One such expert who is known for voicing Kremlin thought wrote, I quote, “It is quite obvious that Medvedev has staked on the support of Obama, who is performing poorly in domestic and foreign policy. For today, the new project of strategic arm treaty is the only Obama achievement in foreign policy and he must realize that well, himself in response to this Obama has obviously agreed to make certain concessions to Russia in the post-Soviet space.
The position of the Democrat’s administration on Ukraine and the actual surrender of Yushchenko and Tymoshenko have shown that Obama is ready to go quite far in taking away the main achievements of Republicans gained under George W. Bush. Yushchenko, Saakashvili and Bakiyev were all creation of Republicans and because this is so, nobody is for Obama. Bakiyev and Yushchenko have already failed.” Thank you very much. This is end of court.
MS. BURWELL: Well, thank you very much. I think as the chair, it’s kind of difficult for me to comment on the political left or right but I would like to invite comments and questions from the floor, starting with Dr. Brzezinski. Did I see your hand up? And we have a microphone coming.
ZBIGNIEW BRZEZINSKI: Thank you very much. I’m glad to have the first crack because unfortunately I have to leave because I had an original lunch planned at the time when we were supposed to be ending. So I apologize.
All of you described a potentially fundamental change in the status of Ukraine and to some extent by implication there was also the suggestion made that perhaps the United States is not sufficiently responsive to the implications of that potential change.
So I would like to ask you in that context, ass three of you, since it has been stressed at the very beginning of this session that Yanukovych won democratically and that Ukraine is a democracy, what is the basic attitude of, first of all, the Ukrainian elite, secondly the Ukrainian youth, and thirdly, more generally, one can generalize to what you have been describing because it does seem to me that ultimately the responsibility for preserving the independence of any country starts with the people of that country and the preservation of Ukrainian independence cannot start with either the United States being more interested in that independence than the Ukrainians or of the EU even more so.
So what is your analysis of the basic internal attitude of the Ukrainians? I have an origin from Central Europe, as many of you presumably know. I can’t imagine something like this developing in Poland simply because the priority of independence is so strongly felt by the people involved and that’s true of the others, some of the smaller countries, the Estonians, Lithuanians and so forth.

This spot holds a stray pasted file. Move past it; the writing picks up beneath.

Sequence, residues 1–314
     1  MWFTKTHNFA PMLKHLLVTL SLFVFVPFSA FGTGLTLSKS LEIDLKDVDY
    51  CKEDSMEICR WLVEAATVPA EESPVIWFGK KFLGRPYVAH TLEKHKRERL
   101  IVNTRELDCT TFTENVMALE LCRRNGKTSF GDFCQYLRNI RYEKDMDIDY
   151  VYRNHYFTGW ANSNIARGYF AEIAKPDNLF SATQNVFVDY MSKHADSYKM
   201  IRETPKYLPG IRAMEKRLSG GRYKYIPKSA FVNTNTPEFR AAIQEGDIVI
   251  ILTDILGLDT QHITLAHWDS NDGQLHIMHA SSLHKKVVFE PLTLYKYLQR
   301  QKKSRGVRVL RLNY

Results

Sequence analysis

What is the basic attitude of the Ukrainian elites and others? One gets the impression that essentially we’re dealing with a passive country in which two alternative elites are struggling for power and over alternative international concepts. But what about the underlying sociopolitical base?
MS. BURWELL: Thank you very much and if I could turn to Minister Tarasyuk, I would also point out that President Yanukovych’s policies, although perhaps not specific policies but the direction in which he would lean, was known when people voted for him. So they had an opportunity to speak on this question and where do they stand now?
MR. TARASYUK: Thank you. Thank you, Zbigniew, for your question. I’m glad that I have a chance to see you and to listen to your observations. About Yanukovych being elected democratically, I do not agree with this assertion. Why so?
Yanukovych is the first president of independent Ukraine who was elected by less than 50 percent of Ukrainians during the second round. Second, Yanukovych is the first president in Ukraine who was supported by one-third of Ukrainian electorate. So his base is very, very narrow base of support in the society.
About the democratic nature of his election, let me remind you that the opposition had enough evidences of falsification but the administrative court did not listen to the arguments of the opposition and I was surprised at the reaction from Washington, from Brussels and some other capitals who were quick enough and it looked like the leaders of those countries were competing between themselves.
Who will be the first to congratulate Yanukovych? It was very strange to see because in 2004, here in Washington and some major European capitals, everybody were accusing Russians of partiality, of congratulating by putting Yanukovych on the elections in 2004, which was not the case. Now the picture was absolutely different.